Can Methadone Help Depression?
Lifting the seemingly unending cloud of clinical depression isn’t one of the touted benefits of Methadose.
However, some people taking methadone for a while report an incredible sense of well-being. This is because MMT helps accelerate the opioid recovery process.
Is It Safe to Take Methadone for Depression?
Methadose is highly effective in treating opioid use disorders. And because MMT requires the patient to be supervised by a medical professional, it’s safe too.
Medical professionals are trained to be aware that an individual with opioid dependence will likely be suffering from depression. So, they’ll treat both with a comprehensive plan that includes medication and behavioral therapy.
Can You Become Addicted to Methadone?
While Methadose is used to treat opiate addiction, it can be addictive itself. This usually happens when people use it recreationally or take more than the recommended dosage.
Methadone Vs. Suboxone
Both Methadose and Suboxone are opioids. However, while Methadose is prescribed for opioid addiction and chronic pain, suboxone can only be used to treat opioid dependence.
Treatment for Methadone and Depression
If Methadone use disorder has reared its ugly head in your life and is destroying everything you hold dear, a medically supervised detox can help.
Detox will give you the freedom to stop the use of this drug in a safe setting. The process includes medications to alleviate painful symptoms of withdrawal, like NSAIDS (steroidal anti-inflammatory drugs), anti-anxiety drugs, and muscle relaxants. Other medications will help to curb the overwhelming cravings that come with addiction.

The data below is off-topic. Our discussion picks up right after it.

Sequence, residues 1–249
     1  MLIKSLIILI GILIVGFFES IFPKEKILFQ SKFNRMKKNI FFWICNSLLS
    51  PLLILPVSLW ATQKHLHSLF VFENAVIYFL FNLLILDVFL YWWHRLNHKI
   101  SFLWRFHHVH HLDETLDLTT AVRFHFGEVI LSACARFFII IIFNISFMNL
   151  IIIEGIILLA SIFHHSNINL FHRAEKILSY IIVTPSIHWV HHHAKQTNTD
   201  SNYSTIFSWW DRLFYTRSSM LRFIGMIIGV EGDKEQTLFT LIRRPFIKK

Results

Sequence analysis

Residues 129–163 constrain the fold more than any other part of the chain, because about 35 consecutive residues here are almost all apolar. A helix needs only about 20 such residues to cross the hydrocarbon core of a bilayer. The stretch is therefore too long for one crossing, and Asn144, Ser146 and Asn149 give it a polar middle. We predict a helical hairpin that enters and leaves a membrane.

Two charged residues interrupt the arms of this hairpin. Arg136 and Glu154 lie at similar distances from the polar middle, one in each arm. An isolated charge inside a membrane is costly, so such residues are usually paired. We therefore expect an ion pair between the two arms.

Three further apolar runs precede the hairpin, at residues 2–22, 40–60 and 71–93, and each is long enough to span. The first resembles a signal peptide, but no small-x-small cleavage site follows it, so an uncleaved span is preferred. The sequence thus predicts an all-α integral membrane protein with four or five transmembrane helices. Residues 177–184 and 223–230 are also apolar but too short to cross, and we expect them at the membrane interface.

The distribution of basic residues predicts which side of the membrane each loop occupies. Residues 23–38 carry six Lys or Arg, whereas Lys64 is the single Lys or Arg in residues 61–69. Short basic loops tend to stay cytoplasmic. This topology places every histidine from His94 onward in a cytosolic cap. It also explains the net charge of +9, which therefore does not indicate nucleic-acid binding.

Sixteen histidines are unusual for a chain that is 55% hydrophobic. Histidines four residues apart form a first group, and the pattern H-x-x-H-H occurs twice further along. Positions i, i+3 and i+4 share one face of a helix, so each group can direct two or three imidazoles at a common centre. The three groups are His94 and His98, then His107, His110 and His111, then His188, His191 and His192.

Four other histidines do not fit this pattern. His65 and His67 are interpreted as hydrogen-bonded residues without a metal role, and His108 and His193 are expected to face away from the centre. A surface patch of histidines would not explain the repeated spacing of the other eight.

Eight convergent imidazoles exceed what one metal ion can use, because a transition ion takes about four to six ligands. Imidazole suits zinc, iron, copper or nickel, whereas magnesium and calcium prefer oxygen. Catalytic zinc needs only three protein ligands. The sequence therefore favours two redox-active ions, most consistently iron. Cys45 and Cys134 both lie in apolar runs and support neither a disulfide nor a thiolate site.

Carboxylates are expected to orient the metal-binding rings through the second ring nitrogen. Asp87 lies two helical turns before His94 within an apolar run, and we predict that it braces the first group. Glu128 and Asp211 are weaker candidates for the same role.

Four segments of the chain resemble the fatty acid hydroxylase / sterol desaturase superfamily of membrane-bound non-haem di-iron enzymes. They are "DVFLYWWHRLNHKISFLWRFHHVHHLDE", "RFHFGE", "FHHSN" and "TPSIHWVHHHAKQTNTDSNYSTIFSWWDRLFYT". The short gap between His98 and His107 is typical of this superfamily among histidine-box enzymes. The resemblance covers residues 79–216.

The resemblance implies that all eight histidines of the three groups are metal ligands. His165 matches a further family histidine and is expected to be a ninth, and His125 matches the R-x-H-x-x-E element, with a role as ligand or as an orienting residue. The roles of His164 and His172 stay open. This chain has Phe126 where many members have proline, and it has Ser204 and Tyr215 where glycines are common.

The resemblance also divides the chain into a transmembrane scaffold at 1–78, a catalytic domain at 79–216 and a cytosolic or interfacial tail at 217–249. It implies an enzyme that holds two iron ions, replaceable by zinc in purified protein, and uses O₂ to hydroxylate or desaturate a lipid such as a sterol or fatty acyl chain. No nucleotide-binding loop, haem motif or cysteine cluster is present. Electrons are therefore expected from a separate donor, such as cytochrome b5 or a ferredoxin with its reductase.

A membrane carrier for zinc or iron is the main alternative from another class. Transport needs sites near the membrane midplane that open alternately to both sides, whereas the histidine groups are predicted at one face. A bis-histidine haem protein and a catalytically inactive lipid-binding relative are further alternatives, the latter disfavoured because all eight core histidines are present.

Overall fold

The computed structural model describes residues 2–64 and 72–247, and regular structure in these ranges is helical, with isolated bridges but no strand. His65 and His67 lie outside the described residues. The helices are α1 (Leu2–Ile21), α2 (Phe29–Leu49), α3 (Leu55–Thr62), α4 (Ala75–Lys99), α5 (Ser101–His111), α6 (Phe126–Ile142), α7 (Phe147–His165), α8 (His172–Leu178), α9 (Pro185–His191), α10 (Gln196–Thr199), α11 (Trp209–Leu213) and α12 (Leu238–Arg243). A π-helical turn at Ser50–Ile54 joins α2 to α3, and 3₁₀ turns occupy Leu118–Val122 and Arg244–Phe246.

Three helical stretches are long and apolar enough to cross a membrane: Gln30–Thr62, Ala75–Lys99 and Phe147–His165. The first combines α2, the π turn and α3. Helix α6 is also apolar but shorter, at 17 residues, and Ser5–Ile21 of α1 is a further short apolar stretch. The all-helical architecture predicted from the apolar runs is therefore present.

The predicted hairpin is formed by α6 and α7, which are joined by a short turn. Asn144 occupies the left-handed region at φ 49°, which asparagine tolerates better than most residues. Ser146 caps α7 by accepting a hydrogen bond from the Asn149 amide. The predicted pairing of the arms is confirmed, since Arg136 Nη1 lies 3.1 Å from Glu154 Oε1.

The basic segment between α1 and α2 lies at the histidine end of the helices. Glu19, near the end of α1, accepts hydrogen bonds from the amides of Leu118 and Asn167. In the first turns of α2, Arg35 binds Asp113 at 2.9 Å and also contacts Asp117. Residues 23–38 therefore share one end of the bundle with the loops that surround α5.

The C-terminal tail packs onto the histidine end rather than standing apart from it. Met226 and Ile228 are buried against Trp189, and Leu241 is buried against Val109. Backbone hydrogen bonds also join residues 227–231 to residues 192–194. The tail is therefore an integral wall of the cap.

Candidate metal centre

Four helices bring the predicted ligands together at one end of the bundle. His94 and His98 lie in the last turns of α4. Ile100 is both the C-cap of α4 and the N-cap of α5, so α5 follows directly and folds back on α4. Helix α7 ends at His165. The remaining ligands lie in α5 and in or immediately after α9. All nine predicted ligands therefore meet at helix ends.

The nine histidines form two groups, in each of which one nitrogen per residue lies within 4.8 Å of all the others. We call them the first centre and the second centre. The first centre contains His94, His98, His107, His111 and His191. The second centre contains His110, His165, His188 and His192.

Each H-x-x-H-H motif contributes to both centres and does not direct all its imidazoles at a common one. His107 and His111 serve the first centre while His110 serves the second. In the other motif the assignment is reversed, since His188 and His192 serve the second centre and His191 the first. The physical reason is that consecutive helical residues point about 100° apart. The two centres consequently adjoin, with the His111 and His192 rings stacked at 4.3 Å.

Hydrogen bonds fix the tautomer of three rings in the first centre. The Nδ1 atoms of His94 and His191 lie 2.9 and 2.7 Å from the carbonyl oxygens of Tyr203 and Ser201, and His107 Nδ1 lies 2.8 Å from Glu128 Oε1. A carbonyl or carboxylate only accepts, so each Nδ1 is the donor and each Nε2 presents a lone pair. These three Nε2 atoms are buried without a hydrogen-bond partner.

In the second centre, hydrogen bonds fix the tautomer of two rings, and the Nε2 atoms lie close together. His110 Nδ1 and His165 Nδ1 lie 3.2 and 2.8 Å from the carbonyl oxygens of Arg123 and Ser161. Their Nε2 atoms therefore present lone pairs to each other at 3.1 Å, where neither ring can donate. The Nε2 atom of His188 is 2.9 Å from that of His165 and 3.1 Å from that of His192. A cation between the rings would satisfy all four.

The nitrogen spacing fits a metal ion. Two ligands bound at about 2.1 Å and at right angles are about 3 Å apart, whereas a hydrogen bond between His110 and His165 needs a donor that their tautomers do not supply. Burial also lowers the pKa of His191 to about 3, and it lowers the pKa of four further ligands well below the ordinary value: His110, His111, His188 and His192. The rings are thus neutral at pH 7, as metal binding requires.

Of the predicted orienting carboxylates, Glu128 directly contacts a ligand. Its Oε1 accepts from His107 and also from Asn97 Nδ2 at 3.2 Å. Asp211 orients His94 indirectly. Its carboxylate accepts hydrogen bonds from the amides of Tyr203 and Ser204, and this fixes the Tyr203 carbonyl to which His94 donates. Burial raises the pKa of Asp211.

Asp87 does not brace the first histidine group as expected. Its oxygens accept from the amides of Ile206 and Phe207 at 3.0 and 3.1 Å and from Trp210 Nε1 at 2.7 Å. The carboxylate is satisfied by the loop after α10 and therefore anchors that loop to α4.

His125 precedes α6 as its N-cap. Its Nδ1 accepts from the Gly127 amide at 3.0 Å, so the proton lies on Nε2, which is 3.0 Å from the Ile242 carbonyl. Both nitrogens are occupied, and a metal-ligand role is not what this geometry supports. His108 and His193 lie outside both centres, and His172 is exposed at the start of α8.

Detox is successful when the last vestiges of the drug have been eradicated from your body. Depending on how dependent you are on the medication, this process can take a couple of days or several weeks.
Therapy and Counseling
Treating Methadone and Depression
There will also be intensive counseling and therapy to help you cultivate keen insights into the nature of underlying causes that lead to the disease.
There are a couple of types of therapy you might be recommended to undergo.
One of these is Cognitive Behavioral Therapy, which will help you eradicate the dysfunctional thinking and behaviors that lead to substance abuse.3
There’s also Contingency Management (CM) therapy. This is where an individual gets rewarded for drug-free urine samples. Usually, the longer you’re drug-free, the higher the value of the reward.
The Methadone Clinic Controversy
MMT is controversial.
That’s because some people feel that giving those suffering from substance use issues methadone to treat their disease is only replacing one addiction with another.
They believe that methadone doesn’t end to addiction, but only allows it to continue in more socially normative ways. These individuals don’t understand that MMT is a harm reduction strategy that reduces illegal drug use, improves communities, and increases the overall quality of life.
Another problem some people have with the drug is has a street value, and there’s always a risk that legal supplies can be diverted to the illegal market.
More About Methadone
Methadone and Anxiety Coming Soon
Methadone and Bipolar Disorder Coming Soon
Methadone and BPD Coming Soon
Methadone and Depression
Methadone and PTSD Coming Soon
Methadone and Alcohol Coming Soon
Methadone Detox Coming Soon
Methadone Overdose Coming Soon
Methadone Side Effects Coming Soon
Methadone Withdrawal Coming Soon